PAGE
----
After departing Ushuaia late last evening, National Geographic Explorer started the first full day of our expedition sailing south in the Drake Passage. Named after the British privateer Sir Francis Drake, who sailed around South America through the Strait of Magellan in 1577 on his way to attack vessels and raid towns and villages along the Pacific coast of South, Central, and North America, the Drake is infamous for its oftentimes turbulent and stormy waters. The powerful Southern Ocean and winds in the bottleneck created by the Antarctic Peninsula and Patagonia sometimes create heavy seas of legendary proportions. In the old days, these seas sank numerous whaling ships, cargo ships, the tall ships transporting guano between Chile or Peru and Europe, and the passenger vessels of travelers hoping to participate in California’s Gold Rush. The Drake treated us nicely today.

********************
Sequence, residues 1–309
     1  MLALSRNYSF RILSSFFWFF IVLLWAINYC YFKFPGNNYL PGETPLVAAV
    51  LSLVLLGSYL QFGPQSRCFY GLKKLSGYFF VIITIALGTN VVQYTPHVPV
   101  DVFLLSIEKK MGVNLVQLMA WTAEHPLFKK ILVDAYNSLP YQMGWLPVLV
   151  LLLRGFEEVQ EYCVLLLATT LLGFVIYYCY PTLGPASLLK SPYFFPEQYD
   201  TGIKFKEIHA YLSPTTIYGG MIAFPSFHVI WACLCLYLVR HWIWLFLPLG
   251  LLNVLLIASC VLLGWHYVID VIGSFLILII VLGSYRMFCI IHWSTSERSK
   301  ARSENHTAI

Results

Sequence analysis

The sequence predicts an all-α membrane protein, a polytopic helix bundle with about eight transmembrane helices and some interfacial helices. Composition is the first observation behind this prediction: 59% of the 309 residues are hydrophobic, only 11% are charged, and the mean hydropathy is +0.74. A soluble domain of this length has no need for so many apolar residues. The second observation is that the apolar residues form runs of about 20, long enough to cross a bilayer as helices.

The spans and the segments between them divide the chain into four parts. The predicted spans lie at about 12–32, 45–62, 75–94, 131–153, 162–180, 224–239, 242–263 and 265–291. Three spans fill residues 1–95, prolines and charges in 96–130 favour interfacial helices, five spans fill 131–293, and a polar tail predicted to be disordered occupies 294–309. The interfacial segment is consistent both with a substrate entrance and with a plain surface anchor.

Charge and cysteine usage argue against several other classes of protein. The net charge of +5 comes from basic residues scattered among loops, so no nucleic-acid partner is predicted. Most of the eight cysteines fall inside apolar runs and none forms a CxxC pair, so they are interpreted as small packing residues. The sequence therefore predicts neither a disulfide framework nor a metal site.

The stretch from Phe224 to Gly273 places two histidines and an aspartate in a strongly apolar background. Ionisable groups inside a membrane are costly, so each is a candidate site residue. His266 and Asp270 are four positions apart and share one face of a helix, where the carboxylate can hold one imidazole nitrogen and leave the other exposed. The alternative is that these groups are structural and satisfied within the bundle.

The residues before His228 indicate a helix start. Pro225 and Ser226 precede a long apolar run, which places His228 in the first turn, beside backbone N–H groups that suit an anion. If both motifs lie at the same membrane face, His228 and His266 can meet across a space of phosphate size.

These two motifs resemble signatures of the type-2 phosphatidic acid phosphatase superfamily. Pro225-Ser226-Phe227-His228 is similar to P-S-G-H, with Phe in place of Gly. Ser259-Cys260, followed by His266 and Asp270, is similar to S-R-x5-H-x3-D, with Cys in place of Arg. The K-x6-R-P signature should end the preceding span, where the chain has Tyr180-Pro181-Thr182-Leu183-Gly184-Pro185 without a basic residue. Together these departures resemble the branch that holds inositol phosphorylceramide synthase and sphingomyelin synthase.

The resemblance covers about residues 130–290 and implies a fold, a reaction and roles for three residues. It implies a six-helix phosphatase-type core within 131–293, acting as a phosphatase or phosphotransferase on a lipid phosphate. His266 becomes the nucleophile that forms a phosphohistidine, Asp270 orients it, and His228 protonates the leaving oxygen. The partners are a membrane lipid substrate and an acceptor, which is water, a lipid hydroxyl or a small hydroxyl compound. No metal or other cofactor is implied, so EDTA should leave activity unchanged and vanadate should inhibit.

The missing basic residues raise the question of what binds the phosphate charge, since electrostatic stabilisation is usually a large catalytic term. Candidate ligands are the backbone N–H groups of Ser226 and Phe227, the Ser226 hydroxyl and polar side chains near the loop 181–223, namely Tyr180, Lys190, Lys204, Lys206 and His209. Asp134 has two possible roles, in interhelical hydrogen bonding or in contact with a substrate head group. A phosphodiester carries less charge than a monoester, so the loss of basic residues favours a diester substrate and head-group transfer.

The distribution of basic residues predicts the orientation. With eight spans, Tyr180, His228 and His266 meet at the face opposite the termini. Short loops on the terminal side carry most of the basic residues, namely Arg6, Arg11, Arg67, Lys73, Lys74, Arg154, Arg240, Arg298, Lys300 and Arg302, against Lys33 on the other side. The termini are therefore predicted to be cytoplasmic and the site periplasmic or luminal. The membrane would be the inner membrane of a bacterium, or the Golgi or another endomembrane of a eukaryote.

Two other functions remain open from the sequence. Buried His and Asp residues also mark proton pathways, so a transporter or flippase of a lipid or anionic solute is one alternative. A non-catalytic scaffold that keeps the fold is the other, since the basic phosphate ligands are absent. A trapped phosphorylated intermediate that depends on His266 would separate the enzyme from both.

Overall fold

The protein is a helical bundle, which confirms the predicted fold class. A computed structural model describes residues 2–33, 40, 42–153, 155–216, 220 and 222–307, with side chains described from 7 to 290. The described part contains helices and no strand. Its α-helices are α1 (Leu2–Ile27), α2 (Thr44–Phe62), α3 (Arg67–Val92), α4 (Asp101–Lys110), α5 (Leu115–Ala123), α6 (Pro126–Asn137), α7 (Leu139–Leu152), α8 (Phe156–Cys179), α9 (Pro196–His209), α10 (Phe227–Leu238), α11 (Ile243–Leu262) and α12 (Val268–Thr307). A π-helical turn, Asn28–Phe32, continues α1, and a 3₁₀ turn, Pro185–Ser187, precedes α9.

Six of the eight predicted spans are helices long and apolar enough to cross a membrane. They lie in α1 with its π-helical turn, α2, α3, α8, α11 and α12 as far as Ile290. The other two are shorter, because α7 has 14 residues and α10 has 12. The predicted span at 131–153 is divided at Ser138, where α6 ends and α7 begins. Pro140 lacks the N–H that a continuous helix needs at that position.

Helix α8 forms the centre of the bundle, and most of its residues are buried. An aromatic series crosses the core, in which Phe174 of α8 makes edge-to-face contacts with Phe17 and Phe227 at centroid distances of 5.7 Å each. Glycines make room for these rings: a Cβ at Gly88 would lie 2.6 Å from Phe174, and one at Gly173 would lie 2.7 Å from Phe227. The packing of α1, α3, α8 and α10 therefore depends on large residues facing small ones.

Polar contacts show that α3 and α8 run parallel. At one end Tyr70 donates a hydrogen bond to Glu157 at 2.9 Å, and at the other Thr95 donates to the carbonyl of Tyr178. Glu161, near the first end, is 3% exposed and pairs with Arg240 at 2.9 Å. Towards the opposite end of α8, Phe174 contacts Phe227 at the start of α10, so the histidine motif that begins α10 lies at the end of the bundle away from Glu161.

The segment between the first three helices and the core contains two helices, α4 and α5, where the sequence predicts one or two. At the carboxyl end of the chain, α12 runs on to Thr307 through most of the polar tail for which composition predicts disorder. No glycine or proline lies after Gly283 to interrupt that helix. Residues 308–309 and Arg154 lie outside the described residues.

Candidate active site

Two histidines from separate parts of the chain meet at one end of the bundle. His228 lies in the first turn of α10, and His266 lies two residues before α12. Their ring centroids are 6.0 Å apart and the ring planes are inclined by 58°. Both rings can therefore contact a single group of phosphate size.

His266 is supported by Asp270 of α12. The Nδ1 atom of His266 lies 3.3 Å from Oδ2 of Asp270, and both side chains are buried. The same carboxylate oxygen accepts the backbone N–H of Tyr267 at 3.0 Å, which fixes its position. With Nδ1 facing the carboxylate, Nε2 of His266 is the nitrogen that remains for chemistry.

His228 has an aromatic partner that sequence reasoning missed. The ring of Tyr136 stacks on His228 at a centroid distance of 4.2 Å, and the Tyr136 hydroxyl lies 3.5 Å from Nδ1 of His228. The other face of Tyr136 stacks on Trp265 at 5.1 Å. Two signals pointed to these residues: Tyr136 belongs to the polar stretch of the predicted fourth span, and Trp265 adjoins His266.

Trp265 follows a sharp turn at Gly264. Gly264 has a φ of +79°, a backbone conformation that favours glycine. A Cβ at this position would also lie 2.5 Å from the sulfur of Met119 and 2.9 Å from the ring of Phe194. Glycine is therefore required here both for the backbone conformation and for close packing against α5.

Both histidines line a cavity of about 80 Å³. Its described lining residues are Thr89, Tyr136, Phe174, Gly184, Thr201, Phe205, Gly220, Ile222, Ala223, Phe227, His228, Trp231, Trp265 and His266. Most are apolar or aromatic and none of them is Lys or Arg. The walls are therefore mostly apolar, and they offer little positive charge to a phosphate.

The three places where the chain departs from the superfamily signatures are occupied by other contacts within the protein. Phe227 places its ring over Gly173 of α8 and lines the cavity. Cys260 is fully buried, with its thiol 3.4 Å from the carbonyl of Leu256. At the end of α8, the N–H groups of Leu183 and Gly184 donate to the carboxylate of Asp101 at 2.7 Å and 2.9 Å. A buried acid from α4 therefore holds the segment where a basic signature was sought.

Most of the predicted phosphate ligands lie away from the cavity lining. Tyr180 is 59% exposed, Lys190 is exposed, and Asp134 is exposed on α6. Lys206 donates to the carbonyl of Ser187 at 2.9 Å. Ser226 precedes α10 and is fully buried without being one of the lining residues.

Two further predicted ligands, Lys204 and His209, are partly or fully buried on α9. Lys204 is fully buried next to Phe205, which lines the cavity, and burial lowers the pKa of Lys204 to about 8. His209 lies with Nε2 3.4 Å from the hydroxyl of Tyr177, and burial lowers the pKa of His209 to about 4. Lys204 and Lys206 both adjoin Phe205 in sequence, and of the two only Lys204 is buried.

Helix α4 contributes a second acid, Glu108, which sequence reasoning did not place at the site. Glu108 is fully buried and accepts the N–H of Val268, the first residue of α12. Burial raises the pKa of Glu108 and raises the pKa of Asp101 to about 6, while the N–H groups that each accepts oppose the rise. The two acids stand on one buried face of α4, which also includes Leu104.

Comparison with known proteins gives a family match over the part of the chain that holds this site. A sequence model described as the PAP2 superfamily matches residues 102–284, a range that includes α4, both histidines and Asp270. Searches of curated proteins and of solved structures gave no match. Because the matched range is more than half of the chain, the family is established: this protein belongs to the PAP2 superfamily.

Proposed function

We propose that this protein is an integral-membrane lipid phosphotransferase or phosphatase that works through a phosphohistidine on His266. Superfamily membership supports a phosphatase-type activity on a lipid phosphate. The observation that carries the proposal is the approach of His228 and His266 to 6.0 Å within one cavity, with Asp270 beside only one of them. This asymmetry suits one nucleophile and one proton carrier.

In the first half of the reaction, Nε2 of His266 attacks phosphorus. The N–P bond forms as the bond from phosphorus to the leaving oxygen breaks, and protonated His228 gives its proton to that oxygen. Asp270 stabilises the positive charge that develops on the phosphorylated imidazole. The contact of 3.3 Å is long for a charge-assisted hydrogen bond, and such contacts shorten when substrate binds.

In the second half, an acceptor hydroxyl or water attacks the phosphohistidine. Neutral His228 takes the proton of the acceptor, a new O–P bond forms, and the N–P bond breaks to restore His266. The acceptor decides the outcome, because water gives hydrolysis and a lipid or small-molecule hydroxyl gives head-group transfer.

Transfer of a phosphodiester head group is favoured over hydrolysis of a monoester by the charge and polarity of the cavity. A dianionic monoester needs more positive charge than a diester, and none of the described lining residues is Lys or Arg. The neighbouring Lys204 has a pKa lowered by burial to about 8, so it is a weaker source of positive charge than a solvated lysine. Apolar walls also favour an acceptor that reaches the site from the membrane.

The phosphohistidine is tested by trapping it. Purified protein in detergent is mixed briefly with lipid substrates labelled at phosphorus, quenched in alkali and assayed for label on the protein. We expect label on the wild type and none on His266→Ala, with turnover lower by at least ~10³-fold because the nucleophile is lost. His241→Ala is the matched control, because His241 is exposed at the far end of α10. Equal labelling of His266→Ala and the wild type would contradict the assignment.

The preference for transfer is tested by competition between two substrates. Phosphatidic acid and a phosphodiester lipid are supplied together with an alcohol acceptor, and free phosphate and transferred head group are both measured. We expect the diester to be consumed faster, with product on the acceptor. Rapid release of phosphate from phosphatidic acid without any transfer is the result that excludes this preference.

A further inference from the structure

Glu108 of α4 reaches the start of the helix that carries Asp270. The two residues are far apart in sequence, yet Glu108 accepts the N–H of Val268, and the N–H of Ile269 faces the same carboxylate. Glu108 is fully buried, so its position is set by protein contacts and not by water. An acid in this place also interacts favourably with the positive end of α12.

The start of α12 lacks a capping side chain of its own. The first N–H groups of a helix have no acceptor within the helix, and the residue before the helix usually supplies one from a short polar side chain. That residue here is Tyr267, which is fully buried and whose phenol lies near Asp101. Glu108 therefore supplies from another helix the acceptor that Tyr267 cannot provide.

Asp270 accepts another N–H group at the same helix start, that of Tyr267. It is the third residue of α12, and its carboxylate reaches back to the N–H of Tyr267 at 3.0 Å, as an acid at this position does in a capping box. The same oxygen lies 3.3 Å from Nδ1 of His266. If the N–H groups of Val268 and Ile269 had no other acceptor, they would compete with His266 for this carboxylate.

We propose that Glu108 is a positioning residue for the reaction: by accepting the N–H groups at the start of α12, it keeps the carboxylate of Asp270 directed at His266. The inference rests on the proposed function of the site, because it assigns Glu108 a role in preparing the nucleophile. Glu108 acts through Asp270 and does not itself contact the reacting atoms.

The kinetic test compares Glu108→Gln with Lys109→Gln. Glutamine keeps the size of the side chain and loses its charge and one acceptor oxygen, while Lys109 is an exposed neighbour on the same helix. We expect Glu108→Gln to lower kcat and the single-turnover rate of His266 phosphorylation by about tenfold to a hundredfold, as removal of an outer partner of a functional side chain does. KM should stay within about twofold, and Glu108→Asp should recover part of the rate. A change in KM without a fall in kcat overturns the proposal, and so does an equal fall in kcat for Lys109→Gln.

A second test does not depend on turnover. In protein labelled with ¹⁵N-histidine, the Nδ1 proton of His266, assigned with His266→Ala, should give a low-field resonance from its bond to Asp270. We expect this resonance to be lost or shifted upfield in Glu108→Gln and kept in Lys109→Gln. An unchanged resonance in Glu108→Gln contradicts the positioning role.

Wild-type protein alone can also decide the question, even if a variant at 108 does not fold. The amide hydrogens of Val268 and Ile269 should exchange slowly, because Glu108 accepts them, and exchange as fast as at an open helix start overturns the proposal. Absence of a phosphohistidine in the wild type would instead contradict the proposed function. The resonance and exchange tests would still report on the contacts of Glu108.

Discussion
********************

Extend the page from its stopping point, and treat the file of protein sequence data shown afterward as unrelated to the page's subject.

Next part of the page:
I love the open ocean, and the Drake Passage offers a chance to watch some of the most spectacular birds on earth, the albatrosses. Early this morning, I grabbed my parka and my camera and headed out to the sun deck. As I opened the door, the clean, cold air hit my face, and I saw it almost immediately: a wandering albatross! All albatross species are very impressive birds. They are capable of gliding over the ocean in incredibly long journeys to look for food. They can cover entire ocean basins. Their long and narrow wings are perfectly adapted to ride the wind with no apparent movement. They can lock special joints in their shoulders and elbows that allow them to travel long distances with very low energy costs. Their long wings have accompanied ships for centuries, and albatrosses are an important component of many legends, superstitions, and songs among sailors. The longest wings belong to the wandering albatross. The wingspan of some individuals measures in at an impossible 12 feet, giving these birds the longest wingspan on the planet. Today we had the pleasure and the honor of watching not one but several individuals throughout the day. We also observed several black-browed albatrosses, a single gray-headed albatross, and a few royal albatrosses, which are almost as big as the wandering albatross. Their majestic and effortless flight delighted those of us who appreciate the beauty of truly wild creatures and places. Tomorrow we should be arriving to the South Shetland Islands, where our expedition of Antarctica will surely give us more amazing moments, but tonight I am going to dream of long wings over stormy seas.